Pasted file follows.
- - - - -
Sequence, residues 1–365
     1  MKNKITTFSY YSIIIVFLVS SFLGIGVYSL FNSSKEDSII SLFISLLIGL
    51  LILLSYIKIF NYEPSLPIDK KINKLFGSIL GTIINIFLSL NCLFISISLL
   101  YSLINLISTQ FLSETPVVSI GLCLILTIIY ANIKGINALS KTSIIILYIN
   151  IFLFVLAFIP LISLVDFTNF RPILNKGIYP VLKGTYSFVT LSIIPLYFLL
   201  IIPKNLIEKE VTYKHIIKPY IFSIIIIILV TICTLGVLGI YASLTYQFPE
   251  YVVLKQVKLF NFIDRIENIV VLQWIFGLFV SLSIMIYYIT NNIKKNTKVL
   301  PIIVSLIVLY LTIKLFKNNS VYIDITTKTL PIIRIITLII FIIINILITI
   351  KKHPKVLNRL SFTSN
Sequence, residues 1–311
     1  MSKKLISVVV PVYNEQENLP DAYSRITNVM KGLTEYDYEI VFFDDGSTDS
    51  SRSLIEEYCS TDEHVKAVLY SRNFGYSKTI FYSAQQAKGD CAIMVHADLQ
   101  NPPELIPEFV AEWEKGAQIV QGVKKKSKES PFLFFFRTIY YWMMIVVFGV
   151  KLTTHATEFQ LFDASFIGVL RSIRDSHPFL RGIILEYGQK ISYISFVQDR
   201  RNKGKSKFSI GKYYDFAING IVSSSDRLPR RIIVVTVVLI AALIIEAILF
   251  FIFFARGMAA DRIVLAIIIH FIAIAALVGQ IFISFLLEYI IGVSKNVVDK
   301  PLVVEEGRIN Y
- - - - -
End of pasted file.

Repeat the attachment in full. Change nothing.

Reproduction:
Sequence, residues 1–365
     1  MKNKITTFSY YSIIIVFLVS SFLGIGVYSL FNSSKEDSII SLFISLLIGL
    51  LILLSYIKIF NYEPSLPIDK KINKLFGSIL GTIINIFLSL NCLFISISLL
   101  YSLINLISTQ FLSETPVVSI GLCLILTIIY ANIKGINALS KTSIIILYIN
   151  IFLFVLAFIP LISLVDFTNF RPILNKGIYP VLKGTYSFVT LSIIPLYFLL
   201  IIPKNLIEKE VTYKHIIKPY IFSIIIIILV TICTLGVLGI YASLTYQFPE
   251  YVVLKQVKLF NFIDRIENIV VLQWIFGLFV SLSIMIYYIT NNIKKNTKVL
   301  PIIVSLIVLY LTIKLFKNNS VYIDITTKTL PIIRIITLII FIIINILITI
   351  KKHPKVLNRL SFTSN
Sequence, residues 1–311
     1  MSKKLISVVV PVYNEQENLP DAYSRITNVM KGLTEYDYEI VFFDDGSTDS
    51  SRSLIEEYCS TDEHVKAVLY SRNFGYSKTI FYSAQQAKGD CAIMVHADLQ
   101  NPPELIPEFV AEWEKGAQIV QGVKKKSKES PFLFFFRTIY YWMMIVVFGV
   151  KLTTHATEFQ LFDASFIGVL RSIRDSHPFL RGIILEYGQK ISYISFVQDR
   201  RNKGKSKFSI GKYYDFAING IVSSSDRLPR RIIVVTVVLI AALIIEAILF
   251  FIFFARGMAA DRIVLAIIIH FIAIAALVGQ IFISFLLEYI IGVSKNVVDK
   301  PLVVEEGRIN Y